6 auction-winning secrets every property buyer should know

How to get the home you want when it goes under the hammer.
Photography: Martina Gemmola | Styling: Aimee Tarulli

Auctions are daunting, and it can be hard to not get caught up in the thrill of outbidding the competition. But with a good auction strategy at the ready, you’ll be well-placed to be the proud owner of your dream home when that hammer drops, without overpaying. While an auction may not be your first choice when it comes to buying a house, there are a lot of benefits to you as the buyer.

“Auctions can work for a buyer who is willing to pay market value,” says Charles Tarbey, chairman of Century 21 Australia. “It’s definite and on the fall of the hammer it’s yours,” adds Mr Tarbey, who notes that during private sales there’s always a risk that the vendor may change their mind or accept another offer without giving you the chance to negotiate. Auctions allow you to see your competition and know exactly where you stand. While every auction is different, there are some strategies that can help you go in strong and hopefully come out on top. Here, we share expert tips for winning an auction.

contemporary beach house black front door
Walked through the home of your dreams and need to win it at auction? Follow these insider tips. (Credit: Photography: Simon Whitbread / Styling: Jamee Deaves)

1. Wait to place your first bid

“Often it is best to let the bidding start and move in at a later stage with a strong bid,” advises Mr Tarbey. This gives you a chance to size up the competition, figure out when the property is on the market (once the reserve price has been reached), and it also weeds out those who are just looking for a bargain.

2. Make your first bid a strong figure that reflects the market value

In today’s transparent world where property values and estimates can be found on bank apps and the like, there’s little point starting off too low. Everyone at the auction will have a clear idea of what the property is worth and will have come prepared to pay that price, just like you. It’s advisable to start near where you want to end and that way you knock out a lot of the low bidders immediately.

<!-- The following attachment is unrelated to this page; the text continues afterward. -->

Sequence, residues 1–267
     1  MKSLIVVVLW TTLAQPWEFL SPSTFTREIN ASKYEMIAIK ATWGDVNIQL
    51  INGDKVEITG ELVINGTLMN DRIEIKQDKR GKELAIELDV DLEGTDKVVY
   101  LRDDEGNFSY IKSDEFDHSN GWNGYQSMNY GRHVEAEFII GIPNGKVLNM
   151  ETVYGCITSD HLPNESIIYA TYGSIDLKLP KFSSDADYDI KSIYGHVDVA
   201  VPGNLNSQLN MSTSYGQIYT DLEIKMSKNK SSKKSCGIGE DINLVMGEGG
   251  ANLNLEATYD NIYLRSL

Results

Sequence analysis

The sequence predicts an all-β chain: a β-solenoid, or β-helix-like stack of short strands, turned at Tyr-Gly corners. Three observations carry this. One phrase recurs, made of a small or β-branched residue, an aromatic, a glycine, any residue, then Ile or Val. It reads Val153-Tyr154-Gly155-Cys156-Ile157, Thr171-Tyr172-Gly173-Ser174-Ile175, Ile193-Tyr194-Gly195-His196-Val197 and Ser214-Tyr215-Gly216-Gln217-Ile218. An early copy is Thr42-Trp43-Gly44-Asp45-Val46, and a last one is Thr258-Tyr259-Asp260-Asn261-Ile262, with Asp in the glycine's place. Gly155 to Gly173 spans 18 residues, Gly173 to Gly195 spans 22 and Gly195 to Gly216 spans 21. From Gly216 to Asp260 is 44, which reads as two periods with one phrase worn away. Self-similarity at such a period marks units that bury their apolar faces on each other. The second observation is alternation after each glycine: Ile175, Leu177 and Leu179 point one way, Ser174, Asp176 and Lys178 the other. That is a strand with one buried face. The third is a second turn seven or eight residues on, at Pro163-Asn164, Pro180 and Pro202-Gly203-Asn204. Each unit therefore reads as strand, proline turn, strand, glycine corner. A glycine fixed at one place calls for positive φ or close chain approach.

Start with a strong bid that reflects the market, says Charles. (Photography: Martina Gemmola | Styling: Aimee Tarulli)

3. Bid with rounded figures

It is best not to place bids of odd numbers, such as $649,500, as someone will always go the extra $500. Instead, go in with an even number – and if your opponent tries to slow down the bidding with small increments, go in above them with that extra $500 or so, to immediately put yourself back into first place.

4. Go in with a counterbid quickly and confidently

Bidding quickly after another bid is received lets people know you are serious and will also help you identify who your competition is.

(Photography: Sue Stubbs | Styling: Samantha Torrisi)

5. Talk with the real estate agent

It can be tempting to hide away in the back corner and fly under the radar, but it’s important that the real estate agent and auctioneer see you and know that you’re a serious bidder. “Agents will always be available to guide you through the process, so you need to keep them updated on your position, without giving everything away,” says Mr Tarbey. “I have seen many instances where buyers were upset at missing out, making comments such as ‘I would have paid more if I knew it was going to sell for that amount’ and blaming the agent, but were coy when the agent was seeking information.”

6. Set a budget and stick to it

One of the biggest mistakes buyers make at an auction is not setting a maximum price they can afford to pay… and sticking to it. At the end of the day, as much as you may fall in love with a property and as close as you might think you are to winning, you should never exceed your predetermined budget.

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